Editor’s Memo: Truth Commission Key to National Healing

THE inclusive government’s Organ on National Healing and Reconciliation chaired by Minister John Nkomo commenced its work last week with its main mandate having been clearly spelt out in last September’s global political agreement (GPA).

Under the GPA the parties to the unity government agreed to promote equality, national healing, cohesion and unity and this would be done through, among other things, “the setting up of a mechanism to properly advise on what measures might be necessary and practicable” to achieve the intended goals “in respect of victims of pre- and post-Independence political conflicts”.

This resulted in the inception of the Organ on National Healing and Reconciliation –– a tripartite platform with representatives at ministerial level drawn from the three political parties in the inclusive government. Nkomo and his organ’s main challenge is to deal with the level of impunity the country tolerated after Independence if genuine national healing and reconciliation is to be achieved.

Numerous media reports since the formation of the inclusive government on February 13 claimed that Zanu PF hardliners and generals who were in charge of President Robert Mugabe’s bloody June 27 2008 presidential run-off campaign were angling for amnesty for their evil deeds.

Like perpetrators of atrocities in the Midlands and Matabeleland in the early 1980s, the hardliners, the media reports suggested, wanted a blanket amnesty –– no truth revealed, no questions asked!  

But if Zimbabwe is to have national healing and reconciliation the truth must come out and this can only be achieved through a process underpinned by the establishment of a Truth and Reconciliation Commission (TRC).

It must be a multi-stakeholder- driven approach with an independent panel to ensure impartiality and public confidence.

The first step in national healing is the establishment of the truth through a TRC, followed by justice discharged by an independent tribunal consistent with the constitution of the country.

Amnesty should be considered as an incentive to revelation of the truth. In some areas there would be need for restorative justice where damages (quantifiable) have been inflicted.  

In other cases, you may need retributive justice to discourage other people from engaging in similar activities. 

The basic thing is that a victim wants to identify who committed the wrongs; the victim also wants to know that the person admits and accepts that what they did was wrong.

Then, of course there are issues about what to do with the perpetrator of the wrongs. Some victims will be keen to ensure that the person is punished which can be desirable because it deters others from doing the same things in future. Others may want to be compensated for loss of life or limb.

Retributive and restorative justices have their merits and demerits and there has to be proper consideration with a view to moving the country forward amidst the specific circumstances that the nation finds itself in.

The state should belong to citizens and should not be used to oppress and undermine the rights of citizens. 

Where it is established that the state has erred then it is important that the state makes good on the injury caused.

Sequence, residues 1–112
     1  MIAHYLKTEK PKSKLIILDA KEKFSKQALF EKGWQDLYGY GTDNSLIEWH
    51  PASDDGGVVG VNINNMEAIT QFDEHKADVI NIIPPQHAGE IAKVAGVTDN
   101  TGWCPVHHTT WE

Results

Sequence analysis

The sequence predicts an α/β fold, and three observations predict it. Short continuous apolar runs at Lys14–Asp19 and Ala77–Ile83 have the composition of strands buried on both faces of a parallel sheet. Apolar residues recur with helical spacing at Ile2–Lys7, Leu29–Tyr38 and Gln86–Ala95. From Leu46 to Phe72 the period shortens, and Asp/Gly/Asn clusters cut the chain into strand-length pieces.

Nothing can ever change the past and, therefore, it is important to adopt a positive attitude to progress. The three parties to the unity government should be hailed for agreeing that the national healing and reconciliation process should deal with pre- and post-Independence conflicts.

The Matabeleland atrocities –– which claimed over 20 000 lives –– should be revisited because memory is a critical factor in national healing.

You cannot sweep things under the carpet. People will never forget and because of that they will always feel the pain unless their problem has been given adequate attention.

The Matabeleland atrocities are a sore point in the national memory and things can never be properly settled until that deep wound is healed.

But having said that, some will suggest Nkomo’s organ should go back and deal with other outstanding issues –– like the many atrocities committed by all sides during the liberation struggle.

They will argue you have to consider the wrongs committed against various groups of people during the colonial era because, as we have seen with the land issue, this memory continues to spur others in the direction of recovery but when mixed with politics it becomes injurious to otherwise innocent souls.

In a paper titled “Justice and peace in Zimbabwe ––transitional justice options” published last year by the Institute for Security Studies, international lawyers Max du Plessis and Jolyon Ford argued that if a TRC is established in Zimbabwe, the commission ought to be given power to grant conditional amnesty from prosecution according to fixed criteria, albeit avoiding blanket amnesties and not precluding criminal prosecutions.

The two authors said the commission would need to confront the difficult political and legal issues of the past amnesties and pardons given at various periods in post-Independence Zimbabwe.

“Amnesty from prosecution is often, as in South Africa’s TRC, the main incentive for revealing the truth,” the document read.

“It is a legitimate option in transitional societies and may be a political necessity. Considered waiver of punishment can also be a powerful signal of the authority of a new dispensation.”

However, amnesty in my view, should be limited to individuals who make full disclosure of their wrong-doings, show visible remorse that serves the interests of people affected, such as community service, reparation, a public apology, or other signs of contrition.

BY CONSTANTINE CHIMAKURE

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